Folkloric Dance Regions of Egypt

by Alessandra on 10/08/18

Egypt, the birth place of what is commonly known as modern day belly dance. A land of rich cultural traditions and heritages. Many of the movements in modern day belly dance can be traced back to having roots in various Egyptian folkloric dances. In this month's post, I want to take a summary look at what those eight regions are and the some of the main dance forms originating there.

The six main regions of folkloric dance in Egypt are Cairo, the Delta, Nubia, Siwa, the Suez Canal, Sa'id, the Eastern Desert, and the Western Desert.

Many famous dancers have called Cairo home, including Badia Masabni and both of the Egyptian National Dance Companies, Firqit Reda (Mahmoud Reda's troupe) and Al Kowmeyya al Funun al Shaabiya. As the home of Egyptian cinema and media, Cairo can really be attributed as the locale in Egyptian that took raqs baladi ("dance of the people") and created theatrical folkloric dance, as well as raqs sharqi, or modern day belly dance.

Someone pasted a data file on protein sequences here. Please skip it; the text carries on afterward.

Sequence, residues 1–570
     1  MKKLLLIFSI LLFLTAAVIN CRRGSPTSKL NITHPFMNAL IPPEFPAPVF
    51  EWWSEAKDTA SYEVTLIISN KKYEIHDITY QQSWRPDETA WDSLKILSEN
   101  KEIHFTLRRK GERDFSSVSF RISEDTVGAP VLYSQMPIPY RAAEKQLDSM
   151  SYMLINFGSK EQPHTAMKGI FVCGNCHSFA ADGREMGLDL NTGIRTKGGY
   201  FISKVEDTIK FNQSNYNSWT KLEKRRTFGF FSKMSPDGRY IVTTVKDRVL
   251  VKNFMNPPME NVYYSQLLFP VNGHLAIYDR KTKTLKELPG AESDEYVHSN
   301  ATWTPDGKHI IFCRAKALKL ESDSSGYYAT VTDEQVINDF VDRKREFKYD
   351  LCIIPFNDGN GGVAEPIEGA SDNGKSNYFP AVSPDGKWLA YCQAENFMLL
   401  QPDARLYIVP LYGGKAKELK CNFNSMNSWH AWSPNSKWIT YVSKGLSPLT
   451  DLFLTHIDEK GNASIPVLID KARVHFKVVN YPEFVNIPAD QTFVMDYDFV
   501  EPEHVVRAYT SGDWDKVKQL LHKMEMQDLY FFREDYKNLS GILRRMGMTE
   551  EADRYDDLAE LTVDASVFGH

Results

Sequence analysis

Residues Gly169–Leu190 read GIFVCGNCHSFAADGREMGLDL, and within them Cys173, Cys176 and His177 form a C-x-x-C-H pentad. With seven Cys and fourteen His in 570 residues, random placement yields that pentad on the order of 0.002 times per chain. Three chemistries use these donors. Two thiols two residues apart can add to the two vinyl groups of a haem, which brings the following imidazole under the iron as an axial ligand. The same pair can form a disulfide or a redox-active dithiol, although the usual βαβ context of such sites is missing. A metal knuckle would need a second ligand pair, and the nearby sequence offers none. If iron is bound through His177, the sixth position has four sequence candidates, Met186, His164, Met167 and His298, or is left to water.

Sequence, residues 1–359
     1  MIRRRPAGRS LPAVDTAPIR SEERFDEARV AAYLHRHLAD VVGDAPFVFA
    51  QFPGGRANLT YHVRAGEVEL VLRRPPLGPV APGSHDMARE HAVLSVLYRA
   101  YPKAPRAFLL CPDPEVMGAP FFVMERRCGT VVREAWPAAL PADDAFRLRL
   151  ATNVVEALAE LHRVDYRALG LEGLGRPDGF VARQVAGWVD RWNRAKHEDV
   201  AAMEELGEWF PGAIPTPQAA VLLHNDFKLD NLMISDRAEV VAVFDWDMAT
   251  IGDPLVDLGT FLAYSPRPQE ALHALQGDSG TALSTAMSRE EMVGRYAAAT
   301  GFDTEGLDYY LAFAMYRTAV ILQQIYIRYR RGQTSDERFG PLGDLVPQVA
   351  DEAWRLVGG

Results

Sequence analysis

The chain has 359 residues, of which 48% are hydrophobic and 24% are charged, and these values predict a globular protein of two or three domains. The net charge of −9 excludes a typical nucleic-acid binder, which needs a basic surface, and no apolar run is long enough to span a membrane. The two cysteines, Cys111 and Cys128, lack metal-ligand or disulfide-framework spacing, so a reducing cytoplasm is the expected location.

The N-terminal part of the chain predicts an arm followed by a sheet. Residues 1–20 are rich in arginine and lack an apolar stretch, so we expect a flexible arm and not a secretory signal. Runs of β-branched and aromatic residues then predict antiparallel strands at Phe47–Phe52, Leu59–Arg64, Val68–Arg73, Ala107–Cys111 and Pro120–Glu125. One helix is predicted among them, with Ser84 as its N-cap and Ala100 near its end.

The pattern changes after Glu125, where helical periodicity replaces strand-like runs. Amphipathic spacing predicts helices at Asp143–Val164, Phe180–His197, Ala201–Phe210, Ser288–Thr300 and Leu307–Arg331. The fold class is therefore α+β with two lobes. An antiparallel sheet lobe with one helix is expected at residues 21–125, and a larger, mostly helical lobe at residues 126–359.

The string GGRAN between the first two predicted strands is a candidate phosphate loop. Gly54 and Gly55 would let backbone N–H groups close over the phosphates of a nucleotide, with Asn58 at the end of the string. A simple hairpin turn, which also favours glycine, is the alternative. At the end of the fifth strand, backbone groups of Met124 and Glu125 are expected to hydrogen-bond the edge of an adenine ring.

The Delta
The Delta is the area including and surrounding Alexandria in the north. It's an area that encompasses a diverse population, and thus draws dance influences from diverse sources, including rural fellahin ("farmer") and Ghawazee. Two famous Ghawazee groups hail from this area: Sumbati Ghawazee, who are famous for floorwork with Shamadans and being able to balance a chair in their teeth, and the Ghawazee of Tanta. Also due to this area's proximity to Greece, there is some inclusion of Greek dance forms. Raqs sharqi from this region is typically bouncier and more energetic.

Nubia is the area bordering Sudan. The basic step of this dance is to the right foot in front stepping down on the best, the ball of the left foot in back stepping on the "and" of the beat, while the arms move loosely and symmetrically. Men will lean forward, while women stand up straight. Hip work is not traditional.

Siwa is an oasis located in the far west of the country. Siwa people are of Berber heritage. Traditionally a very private people, if you check out Tamalyn Dallal's book, 40 Days and 1,001 Nights, you will definitely get a more in-depth picture.  Dance in this region is only performed in public by males, in which the backside of the dancer makes circles, punctuated by a down hip accent.